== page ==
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ARTICLE |

Induction of Skin Tanning by Subcutaneous Administration of a Potent Synthetic Melanotropin

Norman Levine, MD; Scott N. Sheftel, MD; Ted Eytan; Robert T. Dorr, PhD; Mac E. Hadley, PhD; Jonathan C. Weinrach; Gregory A. Ertl, MD; Katalin Toth, PhD; Daniel L. McGee, PhD; Victor Hruby, PhD
JAMA. 1991;266(19):2730-2736. doi:10.1001/jama.1991.03470190078033.
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Objective.  —To determine the efficacy of short-term administration of a synthetic analogue of α-melanotropin, [Nle4D-Phe7] (NDP)—α-melanocyte-stimulating hormone (MSH), in darkening (tanning) human skin.

Design.  —Randomized, placebo-controlled, double-blind clinical trial.

Setting.  —Clinical research unit of a university medical center.

Subjects.  —Twenty-eight healthy white men with a history of either poor tanning (skin type I or II) or good tanning (skin type III or IV) recruited from advertisements and paid to participate in the study.

Methods.  —Each subject received 10 subcutaneous injections of either a purified NDP preparation or saline over 12 days. They were followed up for 7 weeks after therapy was completed. All subjects used a high-potency sunscreen during the the trial.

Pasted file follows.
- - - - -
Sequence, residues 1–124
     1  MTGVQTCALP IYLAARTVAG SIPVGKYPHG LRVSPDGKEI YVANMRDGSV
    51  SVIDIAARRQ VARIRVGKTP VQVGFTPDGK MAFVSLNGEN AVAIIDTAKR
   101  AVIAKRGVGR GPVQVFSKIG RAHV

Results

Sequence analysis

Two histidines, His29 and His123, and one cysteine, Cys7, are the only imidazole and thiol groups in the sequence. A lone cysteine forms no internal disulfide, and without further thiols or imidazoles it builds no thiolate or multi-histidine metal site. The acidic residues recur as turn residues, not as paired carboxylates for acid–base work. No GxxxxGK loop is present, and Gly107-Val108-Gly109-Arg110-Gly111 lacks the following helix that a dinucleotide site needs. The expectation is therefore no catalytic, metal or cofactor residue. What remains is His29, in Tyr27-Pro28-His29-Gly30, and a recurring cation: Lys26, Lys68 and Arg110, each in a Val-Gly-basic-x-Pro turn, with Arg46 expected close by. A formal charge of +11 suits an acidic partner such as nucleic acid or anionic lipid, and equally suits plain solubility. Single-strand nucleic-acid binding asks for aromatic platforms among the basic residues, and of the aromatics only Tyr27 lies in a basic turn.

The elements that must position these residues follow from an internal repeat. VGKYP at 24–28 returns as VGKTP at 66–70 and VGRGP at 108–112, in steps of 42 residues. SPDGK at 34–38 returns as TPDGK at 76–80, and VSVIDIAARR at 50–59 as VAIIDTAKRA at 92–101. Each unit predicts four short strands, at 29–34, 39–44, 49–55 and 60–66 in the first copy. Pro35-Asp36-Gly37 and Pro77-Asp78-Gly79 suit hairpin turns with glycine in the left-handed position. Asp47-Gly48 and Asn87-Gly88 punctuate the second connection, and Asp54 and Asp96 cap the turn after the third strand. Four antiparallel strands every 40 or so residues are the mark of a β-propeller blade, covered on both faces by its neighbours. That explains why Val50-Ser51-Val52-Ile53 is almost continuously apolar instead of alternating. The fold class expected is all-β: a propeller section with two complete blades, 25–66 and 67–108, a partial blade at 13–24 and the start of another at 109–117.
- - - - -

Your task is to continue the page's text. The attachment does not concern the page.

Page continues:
Main Outcome Measure.  —Skin darkening was quantified by serial chromaticity measurements prior to, during, and after therapy.

Results.  —A significant parabolic curve of skin darkening activity was noted in subjects with skin type I or II (P,.001) and with skin type III or IV (P<<.001) who were given NDP. No darkening occurred in the subjects who were given a placebo. Peak changes were seen 1 to 3 weeks after therapy was completed.

Conclusion.  —Human skin darkens as a response to a synthetic melanotropin given by subcutaneous injection. Skin tanning appears possible without potentially harmful exposure to ultraviolet radiation.(JAMA. 1991;266:2730-2736)

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